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IAUC 4669: N LMC 1988 No. 2; 1988j

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                                                  Circular No. 4669
Central Bureau for Astronomical Telegrams
Postal Address: Central Bureau for Astronomical Telegrams
Smithsonian Astrophysical Observatory, Cambridge, MA 02138, U.S.A.
Telephone 617-495-7244/7440/7444 (for emergency use only)
TWX 710-320-6842 ASTROGRAM CAM     EASYLINK 62794505

     R. Gonzalez-Riestra and A. Cassatella, IUE Observatory, ESA,
Vilspa, write:  "We report ultraviolet observations of Nova LMC 1988
No. 2 obtained with the International Ultraviolet Explorer on Oct.
14.6 and 21.8 UT, when the Fine-Error Sensor magnitudes were 10.8 and
12.4, respectively.  On Oct. 14.6, the spectrum from 110 to 320 nm
was characterized by a cool continuum with several emission lines
superimposed.  The strongest lines at 263.6, 290.0, and 300.6 nm
showed marked P-Cyg structures denoting large expansion velocities.
On Oct. 21.8 the flux from 130 to 180 nm was six times larger, while
in the range 250-300 nm only increased by a factor of 1.6.  On Oct.
21.8, the short-wavelength spectrum was dominated by strong and broad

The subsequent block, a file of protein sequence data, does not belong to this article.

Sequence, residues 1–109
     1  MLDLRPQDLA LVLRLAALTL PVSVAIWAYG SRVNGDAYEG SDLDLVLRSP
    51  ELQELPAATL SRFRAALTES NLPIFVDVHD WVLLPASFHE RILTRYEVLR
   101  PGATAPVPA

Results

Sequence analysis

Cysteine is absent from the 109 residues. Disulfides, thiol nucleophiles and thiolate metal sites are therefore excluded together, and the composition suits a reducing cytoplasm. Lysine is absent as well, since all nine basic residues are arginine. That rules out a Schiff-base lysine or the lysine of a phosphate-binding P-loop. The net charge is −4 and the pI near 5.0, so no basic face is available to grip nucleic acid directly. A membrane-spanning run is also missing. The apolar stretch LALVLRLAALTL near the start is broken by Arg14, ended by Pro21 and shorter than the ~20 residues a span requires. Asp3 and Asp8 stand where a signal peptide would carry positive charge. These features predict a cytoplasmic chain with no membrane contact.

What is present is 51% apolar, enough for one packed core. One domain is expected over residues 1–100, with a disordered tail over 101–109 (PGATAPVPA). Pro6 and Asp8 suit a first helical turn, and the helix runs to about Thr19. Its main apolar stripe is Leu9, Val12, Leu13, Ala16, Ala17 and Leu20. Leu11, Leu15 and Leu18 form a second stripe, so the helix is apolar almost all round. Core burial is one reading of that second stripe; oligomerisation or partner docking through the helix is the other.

emission lines such as C III (117.5 nm), O I (130.5 nm), C II (133.5
nm), Fe II(191) (179.0 nm), and Al III (186.4 nm), while at longer
wavelengths the strongest features were due to Fe II and Mg II.  The
Mg II doublet around 280.0 nm had a FWHM of 4.0 nm and a complex
structure, with two emission peaks separated by 1.7 nm.  Compared with
Nova LMC 1988 No. 1 (cf. IAUC 4588 and earlier), Nova LMC 1988 No. 2
shows a faster development both in the optical and in the ultraviolet,
and has larger expansion velocities.  The ultraviolet spectra also
suggest large differences in the chemical composition of the ejecta.
It is important to monitor the object in detail to see if it evolves
as a neon nova."

     No confirmed observations of this comet have been reported
since before perihelion (cf. IAUC 4658).  A photograph taken Oct.
13.14 UT by R. E. Royer, Wrightwood, CA (0.46-m reflector,
panchromatic plate) shows clear star images to mag 16 but no definite
image of the comet within about 15' of the prediction.  P. Wehinger,
Arizona State University, writes:  "S. Wyckoff and S. Tegler
obtained CCD images (2' x 2' field) at the predicted position of
comet 1988j on Oct. 13.1 using the Steward Observatory 2.3-m
Cassegrain reflector.  The comet was not detected and they conclude
that it must be fainter than roughly mag R = 20 (Mould R filter,
600-700 nm), based on two 5-minute integrations."  J. Gibson reports
that CCD images obtained at Palomar with the 1.5-m reflector (Gunn r
filter, 8'.2 x 8'.2 fields) on Oct. 21.1 and 22.1 show no candidate
brighter than mag about 19-20.

1988 October 28                (4669)             Daniel W. E. Green

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